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Duke Peter and Fevronia: The Russian Valentine Story

12. February 2010 by Gregg 0 Comments

Valentine’s Day is relatively new to Russia, having only been introduced in the late ‘90s, but Russia has a long tradition of Romantic stories and legends which have lent themselves well to this romantic holiday.

The legend of Duke Peter and Fevronia takes place around the 16th Century. Duke Peter was the brother of Paul, the Prince of Murom and was the owner of a magic sword. Prince Paul discovered that a monstrous shape-shifting snake was disguising itself as him and that only Duke Peter’s magic sword could slay it. Duke Peter went into battle with the snake, narrowly defeating the monster, but was infected with the snake’s venom.

In the days after the battle, the Duke became sick and his body is covered with sores. None of the city’s doctors could cure him. One day, the Duke hears of a peasant maiden by the name of Fevronia who can cure sicknesses that doctors cannot and sends for her. Fevronia agrees to heal the ailing Duke, but names her price – The Duke must marry her. Peter agrees to the terms and Fevronia cures him.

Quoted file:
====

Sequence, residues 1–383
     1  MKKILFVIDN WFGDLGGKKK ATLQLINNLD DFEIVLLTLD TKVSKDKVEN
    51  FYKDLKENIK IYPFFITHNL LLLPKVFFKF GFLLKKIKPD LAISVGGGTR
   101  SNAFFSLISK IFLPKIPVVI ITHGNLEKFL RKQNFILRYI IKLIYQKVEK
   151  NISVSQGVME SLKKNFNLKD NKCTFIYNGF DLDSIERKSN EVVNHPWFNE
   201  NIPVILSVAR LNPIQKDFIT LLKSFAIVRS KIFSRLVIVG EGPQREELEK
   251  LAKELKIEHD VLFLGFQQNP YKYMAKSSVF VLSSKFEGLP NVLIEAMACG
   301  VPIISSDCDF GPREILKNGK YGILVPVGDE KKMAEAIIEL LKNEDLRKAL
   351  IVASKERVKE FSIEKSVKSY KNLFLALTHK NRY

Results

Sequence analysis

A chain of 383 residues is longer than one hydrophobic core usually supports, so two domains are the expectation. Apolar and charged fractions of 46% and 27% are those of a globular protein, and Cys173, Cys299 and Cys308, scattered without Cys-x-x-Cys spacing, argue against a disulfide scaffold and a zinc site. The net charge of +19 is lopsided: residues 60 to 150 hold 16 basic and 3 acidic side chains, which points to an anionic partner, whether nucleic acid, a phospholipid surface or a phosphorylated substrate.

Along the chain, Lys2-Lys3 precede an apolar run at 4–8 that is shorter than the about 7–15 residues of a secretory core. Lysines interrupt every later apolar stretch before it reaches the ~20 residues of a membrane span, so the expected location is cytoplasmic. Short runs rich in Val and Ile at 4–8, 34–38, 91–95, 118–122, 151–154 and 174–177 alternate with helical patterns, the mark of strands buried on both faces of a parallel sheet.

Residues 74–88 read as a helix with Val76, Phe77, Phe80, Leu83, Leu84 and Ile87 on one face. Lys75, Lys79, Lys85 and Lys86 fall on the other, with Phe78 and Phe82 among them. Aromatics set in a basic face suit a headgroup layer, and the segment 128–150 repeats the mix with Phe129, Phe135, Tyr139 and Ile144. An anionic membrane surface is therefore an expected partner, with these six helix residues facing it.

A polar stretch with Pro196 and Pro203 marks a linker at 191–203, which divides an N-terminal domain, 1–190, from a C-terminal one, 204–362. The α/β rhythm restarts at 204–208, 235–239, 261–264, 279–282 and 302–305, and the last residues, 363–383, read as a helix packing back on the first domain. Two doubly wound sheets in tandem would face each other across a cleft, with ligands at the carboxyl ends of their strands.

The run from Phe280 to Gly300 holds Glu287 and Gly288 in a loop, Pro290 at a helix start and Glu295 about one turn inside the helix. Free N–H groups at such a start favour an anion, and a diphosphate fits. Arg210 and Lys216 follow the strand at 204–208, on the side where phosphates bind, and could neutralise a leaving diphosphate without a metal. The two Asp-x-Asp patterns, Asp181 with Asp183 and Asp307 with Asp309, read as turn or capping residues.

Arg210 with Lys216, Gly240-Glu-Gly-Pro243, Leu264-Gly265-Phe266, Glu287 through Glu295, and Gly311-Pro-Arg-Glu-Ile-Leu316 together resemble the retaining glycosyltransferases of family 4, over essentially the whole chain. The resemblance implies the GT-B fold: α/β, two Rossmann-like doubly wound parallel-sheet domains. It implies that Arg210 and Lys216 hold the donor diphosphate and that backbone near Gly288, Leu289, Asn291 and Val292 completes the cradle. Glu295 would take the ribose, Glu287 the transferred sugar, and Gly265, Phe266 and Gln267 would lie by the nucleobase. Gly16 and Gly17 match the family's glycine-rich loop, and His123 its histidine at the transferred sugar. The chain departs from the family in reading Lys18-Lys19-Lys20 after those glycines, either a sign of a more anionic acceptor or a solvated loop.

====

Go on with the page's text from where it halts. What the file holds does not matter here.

After the Duke is healed, he reneges on the agreement. Instead of marrying the young girl, he sends her money and valuable gifts. Fevronia is not swayed by this, though, and soon the Duke’s sickness returns. The Duke finally relents and after Fevronia heals him again they marry. Prince Paul dies soon after this and Peter and Fevronia become the rulers of Murom.

The Aristocrats of Murom are not impressed that Peter has married Fevronia, though, and are unhappy at the idea of a peasant woman ruling the Principality. They offer Fevronia any wealth or riches she wants to simply leave the city and never return. Fevronia agrees, asking that they let her take just one item. The Aristocrats agree, and Fevronia leaves the city.

It soon becomes apparent that the new Prince is missing after his wife leaves, and the Aristocrats quickly realize that the “one item” the lady chose to take with her was her husband. The Royal couple lives in exile for a short time as Murom descends into chaos with no Prince to run it. Finally, the Aristocrats ask the two to return and they agree, ruling wisely until their dying days.

The two live their last days out in separate monasteries. They both ask to be buried in the same grave, and die on the same day. After their deaths, the church chooses not to honor their wish and buries them in separate graves. Their bodies disappear from their coffins soon after, though, and are later found in a common grave they had asked for. After another attempt at separating the bodies fails, they are finally left in their grave together.

Peter and Fevronia are considered to be Patrons of Marriage and Love in Russia and their story illustrates the cultural important of marriage and fidelity to Russian ladies.